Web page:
Calculated osmol gap × 10-3 × methanol molar mass = methanol concentration in g/kg = 73 × 10-3 × 34.02 = 2.5 g/kg
Nevertheless the concentration was high enough to initiate CVVH-DF immediately. The, by gas chromatography measured methanol concentration, that was obtained later, was unfortunately much higher (4.4 g/L) and confirmed the absence of ethanol. The discrepancy between the calculated and measured methanol concentrations is retrospectively probably best explained by accidental dilution of the serum sample used. This sample, as became clear later, was drawn solely and separately for osmolality testing. Most likely it was drawn from an arterial line that was flushed or from an i.v. tube, which had been running with resuscitation fluids. Since no other tests were performed with this sample the possibility of a dilution error was not recognized.
Although hemodialysis is considered much more effective in clearing methanol, CVVH-DF was chosen because of the hemodynamic instability. The scarce literature available about the use of CVVH-DF in methanol intoxication suggests that it accelerates methanol elimination usefully, shortens the time to target serum methanol concentrations and likely shortens the period of metabolic derangement . Classical hemodialysis, with an estimated clearance of 250 ml/min, is about 5 times more effective in clearing methanol than CVVH-DF with a clearance of maximal 50 ml/min .
The methanol elimination halve time (T1/2) using CVVH-DF as described by Kan et all is 10-12 hours following first order kinetics . In our patient the methanol T1/2 in the presence of an adequate ethanol level was about 3.5 hours, and also followed first order kinetics. This remarkable short halve time can be explained by the aggressive fluid resuscitation that took place in the first hours, the well preserved kidney function of the patient and the much larger filter surface area: we used a 1.9 m2 filter in contrast with he 0.6 m2 filter described by Kan et all.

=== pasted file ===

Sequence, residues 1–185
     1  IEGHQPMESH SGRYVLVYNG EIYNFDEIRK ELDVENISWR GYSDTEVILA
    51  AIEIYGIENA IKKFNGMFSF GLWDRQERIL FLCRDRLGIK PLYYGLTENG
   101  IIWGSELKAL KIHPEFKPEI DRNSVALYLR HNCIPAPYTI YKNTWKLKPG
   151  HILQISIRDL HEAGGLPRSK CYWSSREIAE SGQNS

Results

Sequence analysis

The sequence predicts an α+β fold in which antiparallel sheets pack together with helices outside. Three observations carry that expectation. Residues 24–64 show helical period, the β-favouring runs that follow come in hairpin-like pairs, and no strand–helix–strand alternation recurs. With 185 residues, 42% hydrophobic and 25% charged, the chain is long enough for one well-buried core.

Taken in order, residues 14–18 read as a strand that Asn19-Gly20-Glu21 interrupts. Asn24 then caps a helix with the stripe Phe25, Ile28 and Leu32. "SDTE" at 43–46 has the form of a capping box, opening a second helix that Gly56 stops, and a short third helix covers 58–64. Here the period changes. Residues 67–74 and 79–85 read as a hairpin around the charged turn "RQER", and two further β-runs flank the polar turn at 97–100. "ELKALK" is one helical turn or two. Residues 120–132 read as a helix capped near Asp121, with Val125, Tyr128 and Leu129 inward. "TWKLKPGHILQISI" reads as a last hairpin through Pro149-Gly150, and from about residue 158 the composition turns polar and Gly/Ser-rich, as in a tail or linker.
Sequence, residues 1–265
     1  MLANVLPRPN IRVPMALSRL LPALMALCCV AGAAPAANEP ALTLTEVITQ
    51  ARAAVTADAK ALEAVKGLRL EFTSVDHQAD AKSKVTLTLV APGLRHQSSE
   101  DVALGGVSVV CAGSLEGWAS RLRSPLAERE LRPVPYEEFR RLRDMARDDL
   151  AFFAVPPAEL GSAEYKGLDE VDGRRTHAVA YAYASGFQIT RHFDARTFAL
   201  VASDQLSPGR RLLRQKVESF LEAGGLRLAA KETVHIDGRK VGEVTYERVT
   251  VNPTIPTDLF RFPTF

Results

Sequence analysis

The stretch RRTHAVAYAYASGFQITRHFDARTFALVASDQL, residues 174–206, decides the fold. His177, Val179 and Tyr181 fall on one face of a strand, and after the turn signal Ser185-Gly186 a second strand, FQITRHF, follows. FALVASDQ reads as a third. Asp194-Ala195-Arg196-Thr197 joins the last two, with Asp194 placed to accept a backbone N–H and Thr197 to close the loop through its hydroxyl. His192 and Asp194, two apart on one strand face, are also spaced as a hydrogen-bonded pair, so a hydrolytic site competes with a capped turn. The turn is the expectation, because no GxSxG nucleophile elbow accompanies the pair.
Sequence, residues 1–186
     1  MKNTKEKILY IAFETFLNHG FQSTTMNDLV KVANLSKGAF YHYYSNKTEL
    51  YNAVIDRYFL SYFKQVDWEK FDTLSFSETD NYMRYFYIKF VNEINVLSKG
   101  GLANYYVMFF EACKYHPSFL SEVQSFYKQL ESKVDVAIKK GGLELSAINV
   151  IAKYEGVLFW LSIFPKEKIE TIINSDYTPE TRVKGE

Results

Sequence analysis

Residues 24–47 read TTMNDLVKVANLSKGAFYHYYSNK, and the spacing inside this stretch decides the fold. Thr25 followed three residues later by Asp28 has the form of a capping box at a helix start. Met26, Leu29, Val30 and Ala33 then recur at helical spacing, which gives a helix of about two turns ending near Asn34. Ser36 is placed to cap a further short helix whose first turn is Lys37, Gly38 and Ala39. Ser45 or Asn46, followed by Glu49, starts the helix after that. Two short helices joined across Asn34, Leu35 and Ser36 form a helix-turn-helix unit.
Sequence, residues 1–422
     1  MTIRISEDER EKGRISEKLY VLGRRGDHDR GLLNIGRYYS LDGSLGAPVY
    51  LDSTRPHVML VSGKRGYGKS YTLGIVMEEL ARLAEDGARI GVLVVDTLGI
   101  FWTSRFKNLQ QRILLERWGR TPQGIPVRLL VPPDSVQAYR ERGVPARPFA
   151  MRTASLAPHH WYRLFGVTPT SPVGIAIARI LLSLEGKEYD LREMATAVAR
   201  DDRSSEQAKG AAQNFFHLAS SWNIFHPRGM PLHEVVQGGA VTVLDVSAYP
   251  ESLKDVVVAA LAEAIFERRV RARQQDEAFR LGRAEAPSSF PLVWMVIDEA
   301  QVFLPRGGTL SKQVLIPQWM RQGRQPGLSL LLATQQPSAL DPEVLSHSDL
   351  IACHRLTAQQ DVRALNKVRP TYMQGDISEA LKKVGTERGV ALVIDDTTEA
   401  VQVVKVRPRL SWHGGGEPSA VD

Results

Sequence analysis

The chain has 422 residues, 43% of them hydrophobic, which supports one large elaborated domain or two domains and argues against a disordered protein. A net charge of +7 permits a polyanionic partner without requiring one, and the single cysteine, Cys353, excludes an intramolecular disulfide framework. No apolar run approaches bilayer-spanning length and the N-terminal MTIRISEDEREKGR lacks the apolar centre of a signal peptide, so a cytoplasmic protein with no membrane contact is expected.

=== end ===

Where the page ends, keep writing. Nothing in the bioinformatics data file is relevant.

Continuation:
Because the same ADH competitively breaks down both ethanol and methanol, the administration of ethanol during methanol intoxication reduces the velocity of formic acid production. A concentration of 1 g/L ethanol is sufficient to fully block the degradation of methanol . Since the elimination of methanol is otherwise slow, a steady ethanol concentration for a longer period of time is essential. The maintenance of a stable ethanol concentration especially in hemodynamic instable patients on dialysis is considered a challenge ! Despite the unstable situation we were able to gain and maintain a stable and therapeutical ethanol concentration until the methanol was fully washed out 16 hours after initiation of CVVH-DF.